. . . here's an example
We are constantly told Islam means "peace". However, as Dr Mark Durie explains it means something quite different:~
While there is a link in Arabic between salam, a word often translated ‘peace’, and Islam, the real connection is found in the idea of safety. The word Islam is based upon a military metaphor. Derived from aslama ‘surrender’ its primary meaning is to make oneself safe (salama) through surrender. In its original meaning, a muslim was someone who surrendered in warfare. Thus Islam did not stand for the absence of war, but for one of its intended outcomes: surrender leading to the ‘safety’ of captivity. It was Muhammad himself who said to his non-Muslim neighbors aslim taslam ‘surrender (i.e. convert to Islam) and you will be safe’.
The start of the entry for s-l-m from Lane's Arabic-English Lexicon
Nevertheless the authorities, disingenuously in my observation, maintain that Islam does indeed mean "peace" and is a peaceful religion. But if so why should the Police expect violence when difficult questions are asked of Muslims? I mean if Ms Southern were to go into a Christian part of town and challenge people on some aspects of Christianity that she found troubling nobody would expect any problems would they? Even from "highly religious" Christians - you know, the ones who have dedicated their whole lives to closely following God - like Nuns and Bible teachers and ordained ministers.
So there seems to be a serious level of self deception when the Police say that Islam is peaceful while they act on their real belief that these people should not be challenged or they will probably get violent. Despite the talk, by their actions the Police obviously believe the latter to be the truth.
So I like the following video for several reasons:
- it encourages respectful dialogue which can build relationships and diffuse tension & misunderstanding. The interviewer encounters problems both with a language barrier and with the varying intelligence of the Muslims he meets - everyday problems;
- It identifies the opportunity to identify genuinely open Muslims who are pretty happy to discuss contentious issues, but as Mr Navabi shows;
- it also helps us identify the Sharia compliant among our new friends and see for ourselves their closed minded intransigence;
- it also demonstrates someone reasoning about a better Idea and hopefully, use common ground which may lead eventually to gently challenging our new friend about the person of the prophet.
Note how one man believes completely in Sharia and that it is appropriate for Mr Navabi to be put to death for leaving Islam. Note how this man takes the opportunity to try to bring the apostate back into the fold (exactly as Dr Durie explained, he offers a way to have "peace") by shouting him lunch for a chat and even gets his brother the Sheikh to talk to him. In the end though, the Sharia instructions for death for the apostate remain supreme.
Note also the excuses proffered for taking offence at criticism of the prophet or Sharia by comparing such to mocking one's mother. The point seems to be lost that while I may indeed be temporarily hurt when my mother is insulted, it is entirely up to me how I choose to respond and violence is by no means the unavoidable answer - at least for a thinking person.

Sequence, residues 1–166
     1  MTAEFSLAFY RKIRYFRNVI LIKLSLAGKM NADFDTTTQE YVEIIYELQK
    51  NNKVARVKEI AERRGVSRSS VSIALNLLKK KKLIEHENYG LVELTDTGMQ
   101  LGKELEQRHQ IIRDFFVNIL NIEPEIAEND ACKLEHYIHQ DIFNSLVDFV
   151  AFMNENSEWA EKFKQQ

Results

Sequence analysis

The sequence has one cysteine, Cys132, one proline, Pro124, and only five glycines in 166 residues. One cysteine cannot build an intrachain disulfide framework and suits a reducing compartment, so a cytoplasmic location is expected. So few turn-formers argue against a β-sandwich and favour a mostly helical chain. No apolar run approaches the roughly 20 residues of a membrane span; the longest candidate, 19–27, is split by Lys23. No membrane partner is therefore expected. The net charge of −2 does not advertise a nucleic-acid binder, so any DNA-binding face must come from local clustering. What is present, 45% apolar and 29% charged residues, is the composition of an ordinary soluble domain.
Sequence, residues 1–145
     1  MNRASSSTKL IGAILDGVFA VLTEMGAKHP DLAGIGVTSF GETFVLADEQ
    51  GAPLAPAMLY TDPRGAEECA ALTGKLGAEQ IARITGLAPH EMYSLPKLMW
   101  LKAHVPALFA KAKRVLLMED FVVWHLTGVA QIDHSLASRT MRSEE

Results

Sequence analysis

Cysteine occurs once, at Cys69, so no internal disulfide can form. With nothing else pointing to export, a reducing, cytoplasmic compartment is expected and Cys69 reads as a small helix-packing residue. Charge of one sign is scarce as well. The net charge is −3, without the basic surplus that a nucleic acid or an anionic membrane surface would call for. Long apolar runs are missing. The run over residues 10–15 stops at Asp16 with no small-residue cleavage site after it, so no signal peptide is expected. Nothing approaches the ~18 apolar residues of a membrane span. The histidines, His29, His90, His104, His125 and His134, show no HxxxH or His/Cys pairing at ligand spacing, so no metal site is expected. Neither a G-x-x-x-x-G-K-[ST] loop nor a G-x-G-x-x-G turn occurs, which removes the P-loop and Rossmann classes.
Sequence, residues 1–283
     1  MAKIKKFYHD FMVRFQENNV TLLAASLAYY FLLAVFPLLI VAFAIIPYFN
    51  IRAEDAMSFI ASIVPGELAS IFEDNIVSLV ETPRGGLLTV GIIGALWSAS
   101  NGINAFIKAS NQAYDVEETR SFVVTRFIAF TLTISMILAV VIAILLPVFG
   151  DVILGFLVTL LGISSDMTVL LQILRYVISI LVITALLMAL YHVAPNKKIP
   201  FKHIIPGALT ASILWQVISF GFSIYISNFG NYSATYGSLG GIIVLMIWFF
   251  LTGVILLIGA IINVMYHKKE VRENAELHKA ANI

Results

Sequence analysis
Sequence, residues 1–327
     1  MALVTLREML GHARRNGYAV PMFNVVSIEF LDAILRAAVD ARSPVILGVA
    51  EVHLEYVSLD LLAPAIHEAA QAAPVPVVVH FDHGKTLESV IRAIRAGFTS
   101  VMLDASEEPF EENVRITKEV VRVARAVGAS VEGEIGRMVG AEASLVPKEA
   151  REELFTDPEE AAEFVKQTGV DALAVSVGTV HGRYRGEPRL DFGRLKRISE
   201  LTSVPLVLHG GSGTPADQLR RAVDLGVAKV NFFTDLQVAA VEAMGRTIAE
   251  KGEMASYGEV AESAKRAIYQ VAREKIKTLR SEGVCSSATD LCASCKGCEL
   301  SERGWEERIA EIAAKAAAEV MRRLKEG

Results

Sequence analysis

This does not seem to weigh at all in these Muslims' calculations though. So for this I can't help but think much less of these men. They place themselves on the same level as a dumb dog that simply has to bite if its tail is stood on. This is demeaning to their dignity as men. Furthermore what may be justifiable criticism from my perspective could be taken as severe mocking by them. How do I know where the line is? I am aghast that Muslims would follow a prophet who had sex with a little girl. yet my Muslim friend is angry at my protestations and punches me in the mouth. Things have only gotten worse. This seems to be the major reason our governments are doing all they can to silence any criticism of Islam rather than encourage genuine, mature public discussion.
Consider also if were we to change the object of severe criticism from the prophet to something such as "the Jews". A group which, based largely on religious superstition, is widely reviled and stigmatised in the Muslim community. Why is such bigotry & hatred acceptable to so many Muslims while genuine fact-based criticism of Islam is taken as an insult? Why the obvious double standard? If the authorities don't allow us to talk to them about such issues how can this help us all live together?
This isn't dialogue and the sooner some of us realise that some Muslims take seriously the teachings of their Faith to fight those who criticise the prophet & kill apostates then the sooner we'll be able to engage in meaningful communication. That would be really worthwhile dialogue.
If only our governments trusted their people and if only those religious leaders responsible for formal dialogue engaged in really meaningful dialogue on the real issues of substance.
Asking Muslims If We Can Criticize Islam - Sydney, Australia with Armin Navabi (18 minutes)
Armin Navabi - Director of Media at Pangburn Philosophy - goes to Lakemba in Sydney, Australia to ask Muslims if it's okay to criticize Islam.